It is noteworthy that the historic declaration adopted by the United Nations General Assembly regarding women and human rights, which states: (All people are born free and equal in dignity and rights) was approved on November 10, 1948, which means that Islam has preceded many contemporary global legislation on the subject Gender equality includingnot less than 1000 years.]8]
Concerns are often raised about the status of women in Islamic law. Misrepresentations, misconceptions and even weak hadiths about how women are treated by Sharia, are often used to stir public opinion and human rights and women’s rights associations to advance the idea that Islam is anti-women. British women’s rights activist writer Annie Besant says: “There is a lot more misunderstanding of Islam than there is (I think) in other religions in the world. There are many things said about it by those who do not belong to this faith.”, and the French social psychologist Gustave Le Bon says in his book The Civilization of the Arabs:  “The virtue of Islam was not limited to raising the status of women, but we add to this that it was the first religion to do so.
Islam encourages women to be educated and does not stand as an obstacle to obtaining the highest academic degrees and investing this knowledge in the benefit of people in their religion and their worldly affairs. Many believing women were famous for their knowledge during the era of the Prophet Muhammad, peace be upon him, and beyond. Among them, there were interpreters, jurists, poetry narrators, news and genealogical scholars. Women also contributedIn transmitting the legal rulings through the chain of transmission, especially with regard to the rulings of women (such as purification) and homes that men were not aware of, and most of the Companions and Caliphs used to refer to the mothers of the believers – especially Aisha – to ask them about the hidden rulings of the Sharia45]
Imam Ibn Hazm says in his book (Al-Ahkam):Women in Islam and it is obligatory for them all to know the rulings of purity, prayer and fasting, and what is permissible and what is forbidden of food, drink, clothes and other things like men and there is no difference. Quoted from them the provisions of the religion of women inIslam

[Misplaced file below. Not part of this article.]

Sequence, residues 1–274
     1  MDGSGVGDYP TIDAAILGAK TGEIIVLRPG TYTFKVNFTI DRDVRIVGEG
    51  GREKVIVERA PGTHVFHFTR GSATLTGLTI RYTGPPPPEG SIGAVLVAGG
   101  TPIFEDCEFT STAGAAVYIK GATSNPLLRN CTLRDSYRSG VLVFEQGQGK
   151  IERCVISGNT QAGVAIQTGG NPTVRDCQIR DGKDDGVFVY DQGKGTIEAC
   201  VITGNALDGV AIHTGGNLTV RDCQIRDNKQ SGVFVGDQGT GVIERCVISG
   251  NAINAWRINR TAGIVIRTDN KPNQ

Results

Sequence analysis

History mentions that women in the era of the Prophet Muhammad, peace be upon him, were learning matters of jurisprudence and the rulings of Sharia, and the Prophet Muhammad asked about them and he answered, as hadith books mention that the Prophet Muhammad, peace be upon him, had designated a day for women in which they worked on the provisions of religion and Sharia, the hadith says: “On the authority of Abu Saeed Al-Khudri – may God be pleased May God be pleased with him – that a woman came to the Messenger of God, may God bless him and grant him peaceThe Prophet, peace and blessings be upon him, and she said: The men have gone with your speech, so make a day for us, and we will come to you when you teach us what God has taught youHe set aside a day for them to teach them.”
Aisha, the wife of the Prophet Muhammad, may God bless him and grant him peace, was one of the most knowledgeable women and reached a great stature in the era of the Prophet, may God bless him and grant him peace. Aisha is also one of the six who are the most knowledgeable of the Companions, and she was one of the most knowledgeable people in the Qur’an, the statutes, poetry and the days of the Arabs (history). Hisham bin Urwa said, narrating on the authority of his father: “I have not seen anyone more knowledgeable in jurisprudence, medicine, or poetry than Aisha.